A year ago Emma Kate Braddy died, after six weeks of life. A few days later I met Neil and Jane, her remarkable parents, and in a week or so we laid her tiny body to rest in our churchyard. I’m sorry I’m not there to mark the day with them.
(There’s a website about her short life: www.emmasjourney.braddy.net)
Only a game!
One of the things with having MND is that you’re limited as to what you can do; so I probably watch too much TV in my spare time. But I’m going to talk about it again today. Hard luck, Germany. (Apologies, Herr Lahm (not Larm), I saw the back of your shirt only last night. I think it’s a sign of disrespect when you can’t be bothered to get someone’s name right.... So I’m sorry.) But well done, Spain. I could see why it’s sometimes called the beautiful game. I must say I was pleased because before the match the pundits were saying they were the underdogs, though I noticed after the match they soon changed their tune, ‘Of course, throughout the tournament Spain had been playing the best football, by far, blah de blah....’ But, as I said, I tend to side with the underdogs.
In the interval I turned over to ‘Top Gear’ in time to see Spooks do the lap in a moderately priced car - and the restoration of the Cool Wall. For those who’ve not seen the archetypal ‘boys and their toys’ programme, the Cool Wall is where the presenters, usually Jeremy Clarkson and Richard Hammond, categorise cars into different degrees of coolness or uncoolness. It’s mildly amusing (though they got Skodas wildly wrong). But last night one bit of labeling struck me. Richard Hammond moved Aston Martins from cool to uncool, because they’re common on the King’s Road, and they belong to footballers, such as Frank Lampard, WAYNE ROONEY (snigger, snigger) et al. Well, in fact, they are highly skilled sportsman. They may be overpaid, but it’s the market rate. It felt there was a mixture of snobbery and jealousy in dubbing cars (which you’ve previously admired) uncool, just because footballers like them.
Then I turned back to watch the second half of the match and saw an exhibition of skill given by passionate professionals refusing to give up until the final whistle. Uncool - perhaps; but admirable. Respect to them all.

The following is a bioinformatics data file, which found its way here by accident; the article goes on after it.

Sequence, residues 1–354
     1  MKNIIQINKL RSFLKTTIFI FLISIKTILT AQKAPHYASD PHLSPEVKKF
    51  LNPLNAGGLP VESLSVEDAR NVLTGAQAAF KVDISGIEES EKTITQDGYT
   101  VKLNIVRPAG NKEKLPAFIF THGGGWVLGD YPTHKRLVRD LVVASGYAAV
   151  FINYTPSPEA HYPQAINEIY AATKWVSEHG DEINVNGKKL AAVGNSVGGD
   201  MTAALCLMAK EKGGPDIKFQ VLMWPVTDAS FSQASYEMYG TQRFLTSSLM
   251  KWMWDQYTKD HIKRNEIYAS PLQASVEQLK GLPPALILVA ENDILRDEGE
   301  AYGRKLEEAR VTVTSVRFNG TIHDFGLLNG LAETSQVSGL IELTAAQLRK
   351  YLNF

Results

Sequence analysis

I’m reminded of something Chekhov, the Russian who wrote sad plays, said about critics, to the effect that they are like parasites who live off the blood of the animals who do the work.
29th June 2008
Not being on line here, I can’t see what I wrote yesterday; but it was obviously a case of too much haste. Because I know I got Nelson Mandela’s age wrong, and I think I said some of my best friends were asses. Well, clearly I didn’t mean that, much as I esteem donkeys. If you’re one of my friends reading this, of course I didn’t mean you. I didn’t mean my BEST FRIENDS. I can feel the hole getting deeper! I meant, some well-respected acquaintances of mine have, on occasions, acted in an asinine way.... Phew! Apologies for any offence.
Incidentally I should have known better. When I was teaching, I learned the crucial lesson, that you NEVER call a student a fool or a failure or any label. Because you do literally label them. They get the message that’s your general opinion of them as a human being. What’s worse, they may also begin to believe it of themselves, especially as they’ve probably heard the same from others. If, instead, you say, ‘That was a stupid thing to do, wasn’t it?’ you imply the opposite: that you rate them as a person with potential for better.
Labels for people may be useful, but they are dangerous. Can you imagine God labeling individuals? (Maybe that’s the point of Adam and Eve. God’s not into making the human species, but individual human beings.)
Going back to the Nelson Mandela concert, I caught the TV broadcast yesterday. Weren’t the Soweto Gospel Choir great? And I loved Annie Lennox with her young choir. Apartheid was labeling taken to its logical pernicious extreme. Black and white and coloured - we’re just human. We’re made in God’s image. How dare we treat people as less? That’s part of Mr Mandela’s virtue, that when he achieved power he didn’t buy in to the label-culture; he didn’t institute reverse apartheid. Remember the Truth and Reconciliation Commission with Desmond Tutu?